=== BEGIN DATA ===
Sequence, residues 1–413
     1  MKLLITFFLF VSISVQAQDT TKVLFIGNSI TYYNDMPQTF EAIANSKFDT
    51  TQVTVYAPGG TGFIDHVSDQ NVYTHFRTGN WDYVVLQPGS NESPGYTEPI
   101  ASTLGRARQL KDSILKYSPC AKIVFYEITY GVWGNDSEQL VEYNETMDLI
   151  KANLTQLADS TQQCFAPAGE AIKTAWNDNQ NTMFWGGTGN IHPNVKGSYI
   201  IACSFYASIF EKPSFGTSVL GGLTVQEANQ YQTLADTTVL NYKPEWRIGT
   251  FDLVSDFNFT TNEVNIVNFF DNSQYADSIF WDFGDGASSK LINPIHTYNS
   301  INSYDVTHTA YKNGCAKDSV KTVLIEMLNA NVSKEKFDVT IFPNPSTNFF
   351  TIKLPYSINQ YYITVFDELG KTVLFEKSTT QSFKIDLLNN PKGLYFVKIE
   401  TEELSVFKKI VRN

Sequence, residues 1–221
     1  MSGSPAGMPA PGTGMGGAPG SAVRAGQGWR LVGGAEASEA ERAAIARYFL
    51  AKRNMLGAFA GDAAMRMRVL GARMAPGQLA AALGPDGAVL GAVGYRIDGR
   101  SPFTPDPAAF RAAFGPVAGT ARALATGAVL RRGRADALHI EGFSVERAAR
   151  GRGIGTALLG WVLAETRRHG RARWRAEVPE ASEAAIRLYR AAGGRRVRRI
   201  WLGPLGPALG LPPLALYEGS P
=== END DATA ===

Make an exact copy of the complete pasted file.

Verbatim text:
Sequence, residues 1–413
     1  MKLLITFFLF VSISVQAQDT TKVLFIGNSI TYYNDMPQTF EAIANSKFDT
    51  TQVTVYAPGG TGFIDHVSDQ NVYTHFRTGN WDYVVLQPGS NESPGYTEPI
   101  ASTLGRARQL KDSILKYSPC AKIVFYEITY GVWGNDSEQL VEYNETMDLI
   151  KANLTQLADS TQQCFAPAGE AIKTAWNDNQ NTMFWGGTGN IHPNVKGSYI
   201  IACSFYASIF EKPSFGTSVL GGLTVQEANQ YQTLADTTVL NYKPEWRIGT
   251  FDLVSDFNFT TNEVNIVNFF DNSQYADSIF WDFGDGASSK LINPIHTYNS
   301  INSYDVTHTA YKNGCAKDSV KTVLIEMLNA NVSKEKFDVT IFPNPSTNFF
   351  TIKLPYSINQ YYITVFDELG KTVLFEKSTT QSFKIDLLNN PKGLYFVKIE
   401  TEELSVFKKI VRN

Sequence, residues 1–221
     1  MSGSPAGMPA PGTGMGGAPG SAVRAGQGWR LVGGAEASEA ERAAIARYFL
    51  AKRNMLGAFA GDAAMRMRVL GARMAPGQLA AALGPDGAVL GAVGYRIDGR
   101  SPFTPDPAAF RAAFGPVAGT ARALATGAVL RRGRADALHI EGFSVERAAR
   151  GRGIGTALLG WVLAETRRHG RARWRAEVPE ASEAAIRLYR AAGGRRVRRI
   201  WLGPLGPALG LPPLALYEGS P